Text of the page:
After climbing up and along Coyote Ridge, winding down Miwok back into Tennessee Valley, and slogging up the Marincello trail, the course hits a six mile out-and-back section of mostly single track that starts out overlooking the Golden Gate Bridge on the SCA trail ridge and turns around at the base of the bridge on the Sausalito shore. Long story short, it's scenic as fuck, but stepping aside for other runners can be tricky along the cliffside switchbacks, especially early in the race when all the fifty-milers and marathoners are still sharing the course.
By the time I made it down under the bridge the first time at mile eighteen, my lower back and left glute were bothering me. I needed to stop a few times to crack my SI joint (under the tailbone) and stretch out my hamstrings. I was delighted to find the issue gone by mile forty. Either the problem fixed itself, I stopped feeling it, or I stopped feeling it until it fixed itself.
Coming down Bobcat Trail to the road at mile twenty-three, I was surprised to pass Tony Dunnigan, a faster runner I'd met trying to get myself killed in the woods at night. He was limping, and blood was pouring out of his knee – he'd taken a fall ("power-kneeling") and ground enough gravel into the skin that he couldn't bend it, even though he was otherwise fine. It was a good reminder to me that no matter how much experience I might gain running, with so many thousands of steps the occasional fall is inevitable. In fact, I'd spaced out and tripped on the sidewalk near my house only a week before, myself.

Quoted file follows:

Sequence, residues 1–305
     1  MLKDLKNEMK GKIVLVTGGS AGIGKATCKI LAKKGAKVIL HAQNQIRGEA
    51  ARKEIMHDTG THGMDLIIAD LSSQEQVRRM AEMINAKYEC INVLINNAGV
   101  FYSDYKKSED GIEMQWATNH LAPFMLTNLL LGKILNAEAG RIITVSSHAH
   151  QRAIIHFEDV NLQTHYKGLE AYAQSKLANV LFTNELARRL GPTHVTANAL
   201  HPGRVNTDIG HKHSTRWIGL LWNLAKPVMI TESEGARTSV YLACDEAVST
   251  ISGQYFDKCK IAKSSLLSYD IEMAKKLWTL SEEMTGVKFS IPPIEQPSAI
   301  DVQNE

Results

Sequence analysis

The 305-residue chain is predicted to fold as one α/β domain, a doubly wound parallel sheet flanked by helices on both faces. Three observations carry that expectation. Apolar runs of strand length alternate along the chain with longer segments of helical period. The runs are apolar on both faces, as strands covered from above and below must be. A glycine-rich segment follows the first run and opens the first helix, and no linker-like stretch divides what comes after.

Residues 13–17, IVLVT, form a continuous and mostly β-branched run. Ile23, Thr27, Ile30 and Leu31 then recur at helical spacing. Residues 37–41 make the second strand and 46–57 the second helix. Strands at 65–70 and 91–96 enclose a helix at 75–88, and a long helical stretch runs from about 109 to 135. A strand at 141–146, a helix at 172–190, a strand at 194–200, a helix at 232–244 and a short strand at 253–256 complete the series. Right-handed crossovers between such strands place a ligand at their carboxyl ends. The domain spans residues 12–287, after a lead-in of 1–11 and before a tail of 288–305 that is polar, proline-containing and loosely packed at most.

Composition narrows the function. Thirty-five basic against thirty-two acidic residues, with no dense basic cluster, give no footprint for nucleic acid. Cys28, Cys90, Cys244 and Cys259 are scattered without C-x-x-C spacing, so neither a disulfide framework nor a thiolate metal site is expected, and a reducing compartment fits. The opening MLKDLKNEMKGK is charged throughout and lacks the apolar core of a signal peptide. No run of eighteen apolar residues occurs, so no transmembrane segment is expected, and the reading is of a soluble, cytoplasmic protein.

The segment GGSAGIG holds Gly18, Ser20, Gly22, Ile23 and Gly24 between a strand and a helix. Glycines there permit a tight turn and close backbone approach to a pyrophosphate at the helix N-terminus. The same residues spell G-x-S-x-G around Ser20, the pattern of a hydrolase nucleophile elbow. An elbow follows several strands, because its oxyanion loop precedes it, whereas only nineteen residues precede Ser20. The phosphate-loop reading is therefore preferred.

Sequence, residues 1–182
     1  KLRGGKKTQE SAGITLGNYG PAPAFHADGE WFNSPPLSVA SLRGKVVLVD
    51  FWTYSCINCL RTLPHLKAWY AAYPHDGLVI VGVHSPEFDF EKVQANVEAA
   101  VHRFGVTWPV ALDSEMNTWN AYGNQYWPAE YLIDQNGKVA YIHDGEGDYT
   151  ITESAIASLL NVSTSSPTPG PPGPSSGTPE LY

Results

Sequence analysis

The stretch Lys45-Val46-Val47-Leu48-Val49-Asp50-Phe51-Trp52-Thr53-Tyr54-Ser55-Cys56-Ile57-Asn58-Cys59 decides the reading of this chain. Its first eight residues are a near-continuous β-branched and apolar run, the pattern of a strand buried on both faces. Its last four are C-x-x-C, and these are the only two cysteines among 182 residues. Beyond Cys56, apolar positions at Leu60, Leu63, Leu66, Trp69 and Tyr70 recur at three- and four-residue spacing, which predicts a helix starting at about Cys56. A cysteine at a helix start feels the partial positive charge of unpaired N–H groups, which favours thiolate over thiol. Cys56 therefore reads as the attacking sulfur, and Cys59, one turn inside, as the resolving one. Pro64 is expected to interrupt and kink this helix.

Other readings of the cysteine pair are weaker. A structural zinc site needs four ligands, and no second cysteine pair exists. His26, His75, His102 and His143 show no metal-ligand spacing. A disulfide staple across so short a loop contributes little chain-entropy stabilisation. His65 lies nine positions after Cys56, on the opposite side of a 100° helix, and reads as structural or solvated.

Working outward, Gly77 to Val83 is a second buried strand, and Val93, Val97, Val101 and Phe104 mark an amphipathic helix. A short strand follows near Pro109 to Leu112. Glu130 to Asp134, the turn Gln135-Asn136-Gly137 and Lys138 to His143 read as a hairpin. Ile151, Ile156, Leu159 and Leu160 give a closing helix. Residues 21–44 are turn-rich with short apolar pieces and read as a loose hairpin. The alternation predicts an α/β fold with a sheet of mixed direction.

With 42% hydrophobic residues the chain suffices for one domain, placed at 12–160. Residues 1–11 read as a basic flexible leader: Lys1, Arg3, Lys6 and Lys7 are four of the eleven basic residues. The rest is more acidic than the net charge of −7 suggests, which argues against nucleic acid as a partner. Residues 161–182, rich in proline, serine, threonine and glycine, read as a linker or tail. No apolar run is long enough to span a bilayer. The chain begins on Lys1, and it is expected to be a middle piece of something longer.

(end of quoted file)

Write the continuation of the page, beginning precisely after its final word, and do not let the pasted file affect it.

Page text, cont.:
The Rodeo Beach mile 25/50/75 aid station, which doubles as the start and finish line, is the most dangerous place on the course. Here is where you check in, fill your bottles, and reverse direction for each subsequent lap, but also where you quit, limp over to your car, and drive home instead of running through the night. I'm always certain to make my stops here as short as possible.
Heading back out, it wasn't long before I approached the bridge again. The weather was completely clear, giving me a perfect down on the north end of San Francisco and a bay filled with boats for America's Cup. I have a few criticisms of the event and its effects on the city, but I wouldn't complain about the view.
The clear weather also meant that although the day wasn't egregiously hot, there was no relief from the sun. The Headlands are often a damp, foggy experience at any time of year, but even as the evening began aid stations were shoveling ice into our bottles and packs.
You'd think I'd know this course by now, but apparently I didn't know it well enough to spot a well-marked turn at mile forty-eight. You'd think I'd know better by now, but I ran a full mile downhill before accepting my mistake and turning around. Fortunately I was feeling good and moving well at the time, but with this died my intermediate goal of finishing fifty miles before dark. I turned my headlamp on for the first time as I was descending to Rodeo Beach.